What is it all about?
Digital photography is fun.
Digital photography would be even more fun without those reiterative exposure problems.
Annoyingly they occur especially in situations, where light is most beautiful - for instance on days with crystal clear air, cloudless sky and bright sunshine.
Digital cameras simply can't cope with the very intensive interplay of light and shadow.
Consequences are overexposure in light image areas and/or strong noise in dark areas.
"Correct" exposure is often impossible.
Cause for this nuisance is the technical imperfection of todays digital cameras.
A thing the human eye manages effortlessly - the clean visualization of even the greatest intensity differences without "overexposure" or "noise" - is utterly impossible for a digital camera1.
The following consideration shows a way out of this unsatisfying situation:
what is impossible with one image, can be accomplished with several, differently exposed images.
This way all areas of a scene are present optimally exposed, though in different images.
The "only" thing one needs to do now is to combine these photos in a way that lets overexposure and noise disappear.
That's the domain of FDRTools. But there is more!
Maybe you know the situation: the photo you get from your digital camera looks dull, low-contrast or darkish and is far away from your memory of the scene.
That's not a fate. Using a method called "Tone Mapping" FDRTools turns even unimposing photos into expressive works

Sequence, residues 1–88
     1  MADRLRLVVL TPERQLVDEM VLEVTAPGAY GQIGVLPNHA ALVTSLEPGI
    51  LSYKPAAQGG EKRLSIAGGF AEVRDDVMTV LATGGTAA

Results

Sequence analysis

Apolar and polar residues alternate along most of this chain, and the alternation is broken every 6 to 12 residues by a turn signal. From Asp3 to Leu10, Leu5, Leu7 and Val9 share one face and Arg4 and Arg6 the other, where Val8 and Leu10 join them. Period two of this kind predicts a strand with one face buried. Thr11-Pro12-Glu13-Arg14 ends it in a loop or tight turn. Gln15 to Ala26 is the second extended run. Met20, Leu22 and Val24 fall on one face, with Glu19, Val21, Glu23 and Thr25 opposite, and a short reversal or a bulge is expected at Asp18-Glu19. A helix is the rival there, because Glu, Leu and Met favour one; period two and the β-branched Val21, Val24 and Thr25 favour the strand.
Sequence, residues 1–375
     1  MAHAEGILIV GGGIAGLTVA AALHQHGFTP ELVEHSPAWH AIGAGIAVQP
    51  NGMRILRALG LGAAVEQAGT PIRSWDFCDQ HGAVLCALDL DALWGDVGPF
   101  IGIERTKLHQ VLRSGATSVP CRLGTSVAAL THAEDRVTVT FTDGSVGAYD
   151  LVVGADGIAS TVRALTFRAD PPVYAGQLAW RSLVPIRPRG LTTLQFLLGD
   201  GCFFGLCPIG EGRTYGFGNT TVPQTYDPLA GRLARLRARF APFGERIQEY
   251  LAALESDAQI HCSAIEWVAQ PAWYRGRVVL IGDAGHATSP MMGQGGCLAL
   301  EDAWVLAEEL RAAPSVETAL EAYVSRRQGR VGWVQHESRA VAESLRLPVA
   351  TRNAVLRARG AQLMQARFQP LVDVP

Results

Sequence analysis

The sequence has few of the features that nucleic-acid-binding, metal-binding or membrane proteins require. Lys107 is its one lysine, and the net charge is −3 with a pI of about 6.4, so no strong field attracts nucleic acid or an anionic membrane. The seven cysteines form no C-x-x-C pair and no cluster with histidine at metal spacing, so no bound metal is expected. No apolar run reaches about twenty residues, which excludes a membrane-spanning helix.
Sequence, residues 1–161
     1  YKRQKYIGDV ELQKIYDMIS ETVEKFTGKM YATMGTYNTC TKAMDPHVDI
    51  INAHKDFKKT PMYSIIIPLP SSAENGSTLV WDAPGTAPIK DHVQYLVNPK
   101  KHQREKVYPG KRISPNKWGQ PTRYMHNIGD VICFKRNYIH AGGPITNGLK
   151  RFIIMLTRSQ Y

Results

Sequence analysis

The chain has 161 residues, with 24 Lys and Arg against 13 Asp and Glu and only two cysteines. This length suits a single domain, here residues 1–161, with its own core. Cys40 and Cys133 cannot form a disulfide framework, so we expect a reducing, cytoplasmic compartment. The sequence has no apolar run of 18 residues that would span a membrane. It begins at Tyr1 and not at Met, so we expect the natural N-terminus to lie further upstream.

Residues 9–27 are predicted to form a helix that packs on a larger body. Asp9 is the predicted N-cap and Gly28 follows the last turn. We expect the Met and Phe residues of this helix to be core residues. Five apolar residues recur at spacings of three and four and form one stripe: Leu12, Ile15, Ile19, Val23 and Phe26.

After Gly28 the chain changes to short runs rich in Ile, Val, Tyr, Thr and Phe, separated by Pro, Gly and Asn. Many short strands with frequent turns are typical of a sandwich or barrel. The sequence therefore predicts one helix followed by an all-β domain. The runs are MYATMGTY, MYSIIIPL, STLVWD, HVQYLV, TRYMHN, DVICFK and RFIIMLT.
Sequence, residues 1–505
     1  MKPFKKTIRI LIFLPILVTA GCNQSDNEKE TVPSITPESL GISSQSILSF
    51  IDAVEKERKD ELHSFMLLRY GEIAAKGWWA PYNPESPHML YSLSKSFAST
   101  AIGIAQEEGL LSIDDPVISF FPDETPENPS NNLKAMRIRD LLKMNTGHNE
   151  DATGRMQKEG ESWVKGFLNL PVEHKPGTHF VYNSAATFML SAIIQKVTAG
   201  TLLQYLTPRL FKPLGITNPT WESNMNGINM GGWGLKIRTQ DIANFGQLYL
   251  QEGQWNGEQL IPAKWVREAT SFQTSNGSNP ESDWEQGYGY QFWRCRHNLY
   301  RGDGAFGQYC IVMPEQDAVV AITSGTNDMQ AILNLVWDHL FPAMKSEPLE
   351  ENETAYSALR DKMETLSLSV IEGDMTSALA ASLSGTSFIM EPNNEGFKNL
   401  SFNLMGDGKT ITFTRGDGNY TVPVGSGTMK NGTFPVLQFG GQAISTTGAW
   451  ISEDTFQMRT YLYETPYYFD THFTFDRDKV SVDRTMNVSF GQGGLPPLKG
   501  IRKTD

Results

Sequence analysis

showing a degree of detail and contrast that was not considered possible until recently.
FDRTools offers you image finishing on highest level employing state-of-the-art imaging algorithms! See for yourself.
"FDRTools is a well laid out simple-to-use program that offers benefits not afforded by the other HDR merging programs.
In other programs the typical workflow is to pre-select the source images and merge them, then tone map. Merging to HDR and tonemapping are treated as separate operations. There is no option to go back and change how the source images influence the final tone mapped image.
FDRTools has bridged the gap between merging and tonemapping; the user has the ability to look at the tone mapped image then in real time edit the merging of source images. The user can choose to include or not include a particular source image, can weight the influence of a source image from 0-100% (like opacity in PS), change the white balance, and remove ghosting. Think of the source images as an image stack similar to "layers" in Photoshop. Each change is made with a click or move of the slider button followed by an immediate update to the tone mapped image.
It can't get anymore interactive than that."
- This holds for analog film as well, though not as pronounced.